Routes with a flight number of one often conjure up images of prestige, importance, or difference. They may also reflect a historical point in time, a technological advancement, or the specific market or passengers, although they are perhaps outdated nowadays. Arguably the most famous of all were BA001 and AF001: Concorde services from London and Paris to JFK. British Airways later reused 001 on its all-business-class operation from London City to JFK using the A318.
Routes with a flight number of one
Looking at the (randomly chosen) week starting August 9th, 2021, many routes will use 001. These range from Emirates EK1 from Dubai to London Heathrow by the 517-seat A380 to Direct Flight DCT1. This is a 47-mile service connecting the tiny Scottish airports of Lerwick and Fair Isle in the Shetland Islands using a nine-seat Britten-Norman Islander.
Long-haul routes using Flight One
The 001 number is most directly associated with long-haul routes. Some 13 non-stop routes over 3,000 miles are bookable this coming August week, as follows, ordered here by total available seat capacity. Most of these use the flight number from their hub or main airport. There are just three exceptions: all Japanese airlines returning to Japan.
- Emirates: Dubai to London Heathrow; seven-weekly by the A380
- Turkish Airlines: Istanbul Airport to New York JFK; seven-weekly; B777-300ER
- Aeromexico: Mexico City to Madrid; seven-weekly; B787-9
- El Al: Tel Aviv to New York JFK; six-weekly; B787-9
- Delta: New York JFK to London Heathrow; five-weekly; B767-400ER
- LOT Polish: Warsaw to Chicago O’Hare; four-weekly; B787-8 and -9
- Finnair: Helsinki to Los Angeles; three-weekly; A350-900
- Etihad: Abu Dhabi to Frankfurt; three-weekly; B787-10
- All Nippon: Washington Dulles to Tokyo Narita; three-weekly; B787-9
- Japan Airlines: San Francisco to Tokyo Haneda; three-weekly; B787-9
- WestJet: Calgary to London Gatwick; twice-weekly; B787-9
- Biman Bangladesh: Dhaka to London Heathrow; once-weekly; B787-8
- ZIPAIR: Honolulu to Tokyo Narita; once-weekly; B787-8
Emirates Flight 1
Emirates’ EK1 from Dubai to London Heathrow will, as usual, leave the UAE at 07:45 and arrive in the UK at 12:25 local time. The significance of this specific flight is such that it was Emirates’ first A380 service to resume in July 2020 after four months of no activity.
Looking back to 2004, this specific flight was previously operated by the B777-300 (non-ER) before the B777-300ER also began to serve it the following year. The A380 made its first appearance in late 2008, the year Emirates received it first received the A380. However, EK1 wasn’t the first flight to see the carrier’s A380. That was New York JFK (EK201) in August 2008.
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EK1: Dubai to Heathrow
The departure time of EK1 falls in the Emirates’ largest departure wave from its Dubai hub, which remains so even during COVID. This can be seen below. This means passengers from large numbers of origins connect onto it, with previous analysis looking at exactly where Emirates passengers went in 2019.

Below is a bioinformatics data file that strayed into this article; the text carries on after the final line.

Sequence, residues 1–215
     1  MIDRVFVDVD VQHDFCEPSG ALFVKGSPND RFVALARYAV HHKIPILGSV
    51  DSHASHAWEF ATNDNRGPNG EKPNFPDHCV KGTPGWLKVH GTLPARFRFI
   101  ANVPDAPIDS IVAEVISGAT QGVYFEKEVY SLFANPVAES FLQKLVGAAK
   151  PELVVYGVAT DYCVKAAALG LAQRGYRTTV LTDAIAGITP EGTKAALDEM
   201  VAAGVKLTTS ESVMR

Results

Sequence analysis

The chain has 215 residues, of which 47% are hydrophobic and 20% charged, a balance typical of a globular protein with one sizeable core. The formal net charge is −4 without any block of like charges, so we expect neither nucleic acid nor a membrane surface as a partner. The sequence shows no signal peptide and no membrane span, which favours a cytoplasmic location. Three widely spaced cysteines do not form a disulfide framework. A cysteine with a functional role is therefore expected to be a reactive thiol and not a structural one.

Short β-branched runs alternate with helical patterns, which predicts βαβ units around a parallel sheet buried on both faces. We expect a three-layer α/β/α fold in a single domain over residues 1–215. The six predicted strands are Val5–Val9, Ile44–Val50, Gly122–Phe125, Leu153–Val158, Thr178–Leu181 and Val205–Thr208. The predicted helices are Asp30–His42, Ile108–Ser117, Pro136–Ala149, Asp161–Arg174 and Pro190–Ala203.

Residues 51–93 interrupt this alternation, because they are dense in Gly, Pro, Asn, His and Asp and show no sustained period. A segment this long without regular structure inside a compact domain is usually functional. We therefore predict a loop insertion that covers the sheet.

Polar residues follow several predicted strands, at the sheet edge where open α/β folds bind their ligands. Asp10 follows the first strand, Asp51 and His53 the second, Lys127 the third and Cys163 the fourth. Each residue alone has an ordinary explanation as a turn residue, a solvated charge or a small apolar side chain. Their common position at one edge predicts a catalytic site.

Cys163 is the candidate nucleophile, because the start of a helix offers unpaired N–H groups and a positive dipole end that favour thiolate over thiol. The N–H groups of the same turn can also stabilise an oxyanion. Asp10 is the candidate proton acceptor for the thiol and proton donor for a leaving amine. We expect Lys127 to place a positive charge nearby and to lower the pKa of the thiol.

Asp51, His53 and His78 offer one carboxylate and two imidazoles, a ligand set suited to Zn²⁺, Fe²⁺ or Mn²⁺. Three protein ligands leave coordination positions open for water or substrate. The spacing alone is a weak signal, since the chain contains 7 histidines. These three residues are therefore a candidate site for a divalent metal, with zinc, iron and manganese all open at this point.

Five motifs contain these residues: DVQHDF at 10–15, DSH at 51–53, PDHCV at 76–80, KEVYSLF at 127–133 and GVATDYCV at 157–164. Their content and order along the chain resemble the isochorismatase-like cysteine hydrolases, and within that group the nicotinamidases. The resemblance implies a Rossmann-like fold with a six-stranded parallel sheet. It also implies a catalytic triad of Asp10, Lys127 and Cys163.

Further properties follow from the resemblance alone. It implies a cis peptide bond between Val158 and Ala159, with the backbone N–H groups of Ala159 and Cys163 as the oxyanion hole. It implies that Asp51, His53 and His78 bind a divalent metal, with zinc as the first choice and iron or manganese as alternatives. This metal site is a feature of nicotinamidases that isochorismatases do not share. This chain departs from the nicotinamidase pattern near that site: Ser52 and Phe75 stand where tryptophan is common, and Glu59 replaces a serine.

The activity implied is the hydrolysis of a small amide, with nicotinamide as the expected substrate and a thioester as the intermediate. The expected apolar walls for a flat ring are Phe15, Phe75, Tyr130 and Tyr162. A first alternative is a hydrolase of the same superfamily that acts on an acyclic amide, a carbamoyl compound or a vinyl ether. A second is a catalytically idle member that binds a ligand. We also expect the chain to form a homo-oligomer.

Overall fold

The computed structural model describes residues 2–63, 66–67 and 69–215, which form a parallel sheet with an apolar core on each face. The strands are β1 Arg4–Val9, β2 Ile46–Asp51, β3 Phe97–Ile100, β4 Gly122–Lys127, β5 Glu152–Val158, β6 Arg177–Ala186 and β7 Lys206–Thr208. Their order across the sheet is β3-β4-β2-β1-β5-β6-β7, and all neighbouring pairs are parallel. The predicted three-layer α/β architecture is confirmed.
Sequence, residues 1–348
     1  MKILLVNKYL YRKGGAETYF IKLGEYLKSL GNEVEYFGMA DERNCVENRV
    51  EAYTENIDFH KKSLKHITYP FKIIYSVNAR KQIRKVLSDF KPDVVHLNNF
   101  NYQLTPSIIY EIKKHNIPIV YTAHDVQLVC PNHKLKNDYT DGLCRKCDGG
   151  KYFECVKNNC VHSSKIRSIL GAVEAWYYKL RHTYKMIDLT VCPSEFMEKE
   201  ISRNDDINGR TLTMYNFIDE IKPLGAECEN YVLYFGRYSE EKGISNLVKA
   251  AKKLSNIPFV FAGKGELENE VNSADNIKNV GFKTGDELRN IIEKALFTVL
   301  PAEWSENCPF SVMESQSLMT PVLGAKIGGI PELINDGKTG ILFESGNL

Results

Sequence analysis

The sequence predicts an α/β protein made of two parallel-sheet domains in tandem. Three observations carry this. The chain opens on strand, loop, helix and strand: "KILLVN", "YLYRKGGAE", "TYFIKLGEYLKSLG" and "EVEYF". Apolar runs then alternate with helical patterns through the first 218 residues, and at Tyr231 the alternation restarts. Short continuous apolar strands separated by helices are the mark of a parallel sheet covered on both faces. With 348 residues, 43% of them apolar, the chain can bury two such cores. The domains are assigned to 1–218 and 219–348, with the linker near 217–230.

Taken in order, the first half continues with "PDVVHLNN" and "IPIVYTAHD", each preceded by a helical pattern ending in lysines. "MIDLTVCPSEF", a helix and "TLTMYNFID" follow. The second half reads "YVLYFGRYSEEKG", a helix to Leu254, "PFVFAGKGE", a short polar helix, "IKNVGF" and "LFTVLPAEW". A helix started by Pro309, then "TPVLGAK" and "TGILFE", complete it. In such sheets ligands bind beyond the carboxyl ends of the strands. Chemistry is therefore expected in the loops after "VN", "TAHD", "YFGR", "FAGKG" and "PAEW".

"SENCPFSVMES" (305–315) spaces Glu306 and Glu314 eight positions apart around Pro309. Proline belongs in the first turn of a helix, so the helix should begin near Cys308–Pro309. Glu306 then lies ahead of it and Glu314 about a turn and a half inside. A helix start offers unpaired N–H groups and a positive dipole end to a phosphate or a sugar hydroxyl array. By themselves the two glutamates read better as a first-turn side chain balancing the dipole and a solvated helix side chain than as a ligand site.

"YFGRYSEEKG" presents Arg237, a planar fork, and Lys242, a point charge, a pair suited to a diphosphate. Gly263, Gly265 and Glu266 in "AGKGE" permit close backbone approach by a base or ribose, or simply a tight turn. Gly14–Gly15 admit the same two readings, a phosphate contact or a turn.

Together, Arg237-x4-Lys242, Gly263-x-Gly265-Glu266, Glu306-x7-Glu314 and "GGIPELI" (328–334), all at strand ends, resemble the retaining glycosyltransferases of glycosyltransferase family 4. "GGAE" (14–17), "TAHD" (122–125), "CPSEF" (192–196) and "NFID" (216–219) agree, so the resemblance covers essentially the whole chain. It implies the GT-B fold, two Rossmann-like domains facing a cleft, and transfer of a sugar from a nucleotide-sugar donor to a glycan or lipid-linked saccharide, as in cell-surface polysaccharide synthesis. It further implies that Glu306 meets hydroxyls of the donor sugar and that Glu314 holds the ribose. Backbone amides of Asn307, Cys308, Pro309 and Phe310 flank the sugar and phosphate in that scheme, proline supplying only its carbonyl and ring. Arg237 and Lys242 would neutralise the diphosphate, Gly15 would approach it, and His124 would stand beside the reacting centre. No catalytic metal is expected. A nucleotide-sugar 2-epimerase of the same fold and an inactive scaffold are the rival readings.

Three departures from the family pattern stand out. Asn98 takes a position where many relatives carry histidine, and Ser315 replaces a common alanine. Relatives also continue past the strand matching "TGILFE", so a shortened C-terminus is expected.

Shorter routes using Flight One
Nearly 30 other routes also use flight number one on a non-stop basis. This August week includes Southern Express’ service from Memphis to Destin Executive Airport, a distance of 379 miles using a nine-seat Cessna 208 Caravan. This often takes about two hours.
It also includes an array of other different and exciting services, such as:
- Cape Air’s White Plains-Provincetown
- Sky Express from Athens to Kozani
- Safarilink from Nairobi Wilson to the Massai Mara
- Ravn from Dutch Harbor to Anchorage
- Lufttransport: Bodø to Værøy (helicopter service)
- Auric Air: Lake Manyara to Grumeti (Tanzania)
- Nauru Airlines: Nauru to Brisbane
Flight One: the top-10 shorter routes
The shorter routes with the most available seat capacity are as follows. While the list includes Dubai to Doha, arguably one of the world’s most exciting routes, it is led by Hawaiian HA1 from Los Angeles to Honolulu. Using a 278-seat A330-200, this leaves California at 07:00 local time and arrives in Hawaii at 09:45. (AA1 falls outside of the top-10 on account of being operated by very low-capacity A321Ts.)
- Hawaiian: Los Angeles to Honolulu; seven-weekly; A330-200
- Spirit: Fort Lauderdale to Chicago O’Hare; seven-weekly; A321
- JetBlue: New York JFK to Fort Lauderdale; seven-weekly; A321
- Alaska: Washington National to Seattle; seven-weekly; A321neo
- Nok Air: Bangkok Don Mueang to Chiang Mai; seven-weekly; B737-800
- Skymark: Tokyo Haneda to Fukuoka; seven-weekly; B737-800
- Air Macau: Beijing Capital to Macau; seven-weekly; A321
- flydubai: Dubai to Doha; seven-weekly; B737-800
- SAS: Luleå to Stockholm Arlanda; seven-weekly; A320neo /CRJ-900
- Southwest: Dallas Love to Houston Hobby; six-weekly B737-700/MAX 8
AS1: Washington to Seattle
Alaska’s AS1 is one of only a handful of routes to see the former Virgin America A321neos, each with 190 seats. As you’d expect, the type is mainly deployed on longer routes (the average distance is 2,046 miles) and are primarily transcontinental. Such routes benefit from stronger economics. (AS1 used to be Fairbanks-Anchorage-Seattle by Boeing 737s.)
At 2,329 miles, National to Seattle is Alaska’s second-longest A321neo route in this specific week after Boston-Seattle. Looking back to 2019, Alaska had an 86.8% seat load factor on it, according to the Department of Transportation’s T-100 statistics.
What Flight One routes have you flown? Share your experiences by commenting.